Anti-domestic violence campaigners are demanding an apology from one of Britain’s best-selling regional newspapers over an article they say blames victims of domestic violence for their own abuse.
In a piece in the Birmingham Mail this week, columnist Maureen Messent wrote that “the women who allow themselves to be used as punch bags are often their own worst enemies”. She argued that women who do not leave their abusers are “holy cows”, who popular opinion dictates must not be told of the harm their staying in the abusive relationship does to their children.
She was criticised as having given succour to potential perpetrators of domestic abuse by campaigners.
“I am speechless. It is hard to know what to say in the face of such vicious ignorance. The idea that you could blame someone who is being abused versus the abuser is incredible,” Caroline Criado-Perez, who faced a torrent of misogynist abuse after successfully campaigning to have a woman on a British bank note last year, told Channel 4 News.
She added: “The woman being accountable is incredible. It discounts all the evidence about coercive control that shows that women are terrorised. It is not a free choice to stay or not. If you are financially dependent, if you are debased to the point that you cannot escape, it is not a free choice.
It is clickbait using domestic abuse as the bait. Potential abusers will read it and it will give them succour. Holly Dustin, End Violence Against Women
In her article, published on Friday 4 April, Messent wrote that the number of women killed as a result of domestic violence was “shocking for its avoidability”, adding: “we’re never told how many of the dead refused police advice to leave their attackers once and for all”.
She wrote: “I know West Midlands Police will take whatever steps necessary to help the vulnerable. Officers burn the midnight oil, never preach, are prepared to listen for hours at a time.
“Imagine their frustration and disappointment, then, when the women they want to help fail to turn up as witnesses ‘because I love him really’.
“Battering is a foul and cowardly crime. Why, then, is it also the offence so many women baulk at taking to court, their silence perpetuating the evils used to control them?”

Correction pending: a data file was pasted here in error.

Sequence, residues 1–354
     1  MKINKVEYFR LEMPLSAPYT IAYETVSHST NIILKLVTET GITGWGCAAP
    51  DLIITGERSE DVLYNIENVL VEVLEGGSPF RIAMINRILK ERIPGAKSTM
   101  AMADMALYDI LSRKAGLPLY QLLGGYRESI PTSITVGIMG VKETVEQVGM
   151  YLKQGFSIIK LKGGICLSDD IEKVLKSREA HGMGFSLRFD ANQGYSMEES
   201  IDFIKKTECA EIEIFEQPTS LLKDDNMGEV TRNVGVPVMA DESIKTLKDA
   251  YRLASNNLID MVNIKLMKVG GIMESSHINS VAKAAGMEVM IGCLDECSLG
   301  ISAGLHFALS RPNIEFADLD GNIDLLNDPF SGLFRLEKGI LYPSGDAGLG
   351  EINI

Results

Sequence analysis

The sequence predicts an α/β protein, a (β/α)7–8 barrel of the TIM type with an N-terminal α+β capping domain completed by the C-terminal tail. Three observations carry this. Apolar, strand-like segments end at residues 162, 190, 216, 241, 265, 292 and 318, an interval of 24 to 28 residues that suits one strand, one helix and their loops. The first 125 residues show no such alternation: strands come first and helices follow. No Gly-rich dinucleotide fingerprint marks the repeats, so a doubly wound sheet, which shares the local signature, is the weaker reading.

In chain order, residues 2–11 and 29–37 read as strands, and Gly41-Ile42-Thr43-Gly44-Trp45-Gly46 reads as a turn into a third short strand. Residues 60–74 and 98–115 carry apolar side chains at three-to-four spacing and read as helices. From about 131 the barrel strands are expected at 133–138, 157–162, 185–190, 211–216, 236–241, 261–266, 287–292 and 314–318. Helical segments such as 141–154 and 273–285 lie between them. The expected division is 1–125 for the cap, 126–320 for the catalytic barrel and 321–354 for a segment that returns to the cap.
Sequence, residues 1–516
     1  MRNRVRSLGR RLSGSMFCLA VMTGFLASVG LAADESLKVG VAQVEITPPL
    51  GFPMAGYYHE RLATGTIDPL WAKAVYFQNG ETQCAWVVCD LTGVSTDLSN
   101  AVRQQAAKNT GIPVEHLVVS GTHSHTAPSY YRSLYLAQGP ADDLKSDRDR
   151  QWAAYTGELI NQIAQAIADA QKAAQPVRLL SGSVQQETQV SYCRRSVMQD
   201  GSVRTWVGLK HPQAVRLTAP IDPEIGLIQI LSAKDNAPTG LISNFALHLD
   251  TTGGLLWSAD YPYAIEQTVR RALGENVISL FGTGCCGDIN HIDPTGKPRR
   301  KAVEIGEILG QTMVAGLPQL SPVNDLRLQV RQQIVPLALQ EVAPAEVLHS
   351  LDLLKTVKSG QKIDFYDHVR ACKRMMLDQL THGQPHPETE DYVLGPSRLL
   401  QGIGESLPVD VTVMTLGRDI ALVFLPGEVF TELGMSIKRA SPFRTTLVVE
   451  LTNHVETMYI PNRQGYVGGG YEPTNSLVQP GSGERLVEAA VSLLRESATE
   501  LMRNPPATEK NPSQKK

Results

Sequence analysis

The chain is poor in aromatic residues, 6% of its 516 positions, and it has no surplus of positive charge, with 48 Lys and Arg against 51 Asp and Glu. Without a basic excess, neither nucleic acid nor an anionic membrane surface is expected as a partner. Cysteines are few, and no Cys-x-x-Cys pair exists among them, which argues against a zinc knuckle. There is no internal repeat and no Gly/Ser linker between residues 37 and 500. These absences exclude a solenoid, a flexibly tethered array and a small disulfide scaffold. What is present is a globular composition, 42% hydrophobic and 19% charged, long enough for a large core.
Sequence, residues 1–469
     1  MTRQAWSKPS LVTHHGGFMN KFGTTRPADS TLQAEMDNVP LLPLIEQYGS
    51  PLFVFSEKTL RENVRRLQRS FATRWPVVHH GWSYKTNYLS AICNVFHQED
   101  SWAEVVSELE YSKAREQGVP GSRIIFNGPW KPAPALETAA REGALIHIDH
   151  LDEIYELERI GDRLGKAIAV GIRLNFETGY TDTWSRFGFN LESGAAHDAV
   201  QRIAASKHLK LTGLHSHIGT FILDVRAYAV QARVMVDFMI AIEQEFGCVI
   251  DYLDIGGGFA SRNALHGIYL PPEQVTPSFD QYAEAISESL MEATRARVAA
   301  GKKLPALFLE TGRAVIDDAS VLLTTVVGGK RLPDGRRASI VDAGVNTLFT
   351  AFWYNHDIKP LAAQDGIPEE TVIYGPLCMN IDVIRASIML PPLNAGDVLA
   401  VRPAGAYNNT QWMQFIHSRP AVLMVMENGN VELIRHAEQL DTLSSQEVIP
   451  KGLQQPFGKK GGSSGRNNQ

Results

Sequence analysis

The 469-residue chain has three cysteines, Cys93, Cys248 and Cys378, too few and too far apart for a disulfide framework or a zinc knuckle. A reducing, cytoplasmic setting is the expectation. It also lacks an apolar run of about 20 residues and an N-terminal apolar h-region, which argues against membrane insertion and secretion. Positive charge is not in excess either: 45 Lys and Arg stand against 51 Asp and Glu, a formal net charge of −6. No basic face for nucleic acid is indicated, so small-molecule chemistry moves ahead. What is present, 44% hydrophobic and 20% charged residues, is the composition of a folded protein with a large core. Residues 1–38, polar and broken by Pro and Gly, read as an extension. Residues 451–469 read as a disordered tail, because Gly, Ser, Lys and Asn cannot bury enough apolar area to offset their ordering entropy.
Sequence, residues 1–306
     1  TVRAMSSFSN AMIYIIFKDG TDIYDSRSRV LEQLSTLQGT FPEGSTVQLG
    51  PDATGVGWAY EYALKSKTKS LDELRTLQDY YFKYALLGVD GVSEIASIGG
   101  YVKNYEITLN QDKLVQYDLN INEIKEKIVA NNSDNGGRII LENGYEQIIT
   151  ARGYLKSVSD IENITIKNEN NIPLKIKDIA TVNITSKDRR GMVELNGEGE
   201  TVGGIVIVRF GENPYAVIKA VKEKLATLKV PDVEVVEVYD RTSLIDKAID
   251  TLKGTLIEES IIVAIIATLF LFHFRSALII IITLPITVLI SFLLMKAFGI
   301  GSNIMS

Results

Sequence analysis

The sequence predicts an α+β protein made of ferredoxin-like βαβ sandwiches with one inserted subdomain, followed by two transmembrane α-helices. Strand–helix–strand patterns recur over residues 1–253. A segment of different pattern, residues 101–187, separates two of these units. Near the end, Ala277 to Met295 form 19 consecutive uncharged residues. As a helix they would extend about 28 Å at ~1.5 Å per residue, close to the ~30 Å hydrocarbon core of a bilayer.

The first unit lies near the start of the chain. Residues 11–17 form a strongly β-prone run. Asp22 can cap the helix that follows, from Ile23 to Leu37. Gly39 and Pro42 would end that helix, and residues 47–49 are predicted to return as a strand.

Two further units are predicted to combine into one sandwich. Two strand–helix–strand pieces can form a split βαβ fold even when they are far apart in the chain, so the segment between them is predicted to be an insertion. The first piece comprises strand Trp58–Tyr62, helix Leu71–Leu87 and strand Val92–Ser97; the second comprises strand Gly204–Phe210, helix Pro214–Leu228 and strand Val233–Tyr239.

Holly Dustin of End Violence Against Women called her more recent article highly irresponsible because, she said, it sought to blame women for the violence perpetrated against them.
“It is a dangerous message, both to men and to survivors of domestic abuse,” she told Channel 4 News, adding: “It is clickbait using domestic abuse as the bait. Potential abusers will read it and it will give them succour. Victims will read it; people who get a lot of victim-blaming already. How is that going to help?”
Dustin said that a press regulator “with teeth” should be more open to complaints made by third parties, such as charities. The Press Complaints Commission can currently accept such a complaint, but will usually only act upon it if an individual named in the article also wants to take it up.
Dustin added that Messent’s article promotes tolerance of violence against women. And she called on the Birmingham Mail to make a donation to a women’s refuge.
She said: “It should be retracted and they should apologise. This is very damaging, it is deeply misogynistic.”
The view that women play a role in their own abuse is, according to Caroline Criado-Perez, “sadly quite a widespread view”, which she said owed much to ignorance.
She added: “the paper should apologise and get an expert to write; someone who has worked with vulnerable women and who can explain the issues. It is not a question of why a woman doesn’t leave her abuser, it is a question of why her abuser doesn’t stop.”
The woman being accountable is incredible. It discounts all the evidence about coercive control that shows that women are terrorised – Caroline Criado-Perez
According to Women’s Aid, on average, two women a week are killed by a current or former partner. “We should be focussing on why men in such huge numbers are attacking women, so that women are dying,” said Criado-Perez.
Messent has courted controversy in the past, perhaps most notably in 2006 when she escaped prosecution for wasting police time after officers said they established she could not have helped an elderly relative to die because she was working elsewhere in the country at the time. The CPS eventually reviewed the case offered no evidence to the charge of wasting police time and the case was dropped.
She had originally been arrested after writing a front-page article for the Birmingham Mail claiming to have carried out the “mercy killing” of her great aunt.
Neither Maureen Messent, nor the Birmingham Mail could be reached for comment. However on Sunday they posted an article on their website detailing some of the feedback they had received to the article.
Dave Brookes, Birmingham Mail editor-in-chief, posted a statement the newspaper’s Facebook page, welcoming the comments.
He said: “Maureen Messent’s views as expressed in her column are her own and not those of the Birmingham Mail. Maureen is renowned for her straight talking and her opinions do not always find favour with everyone.”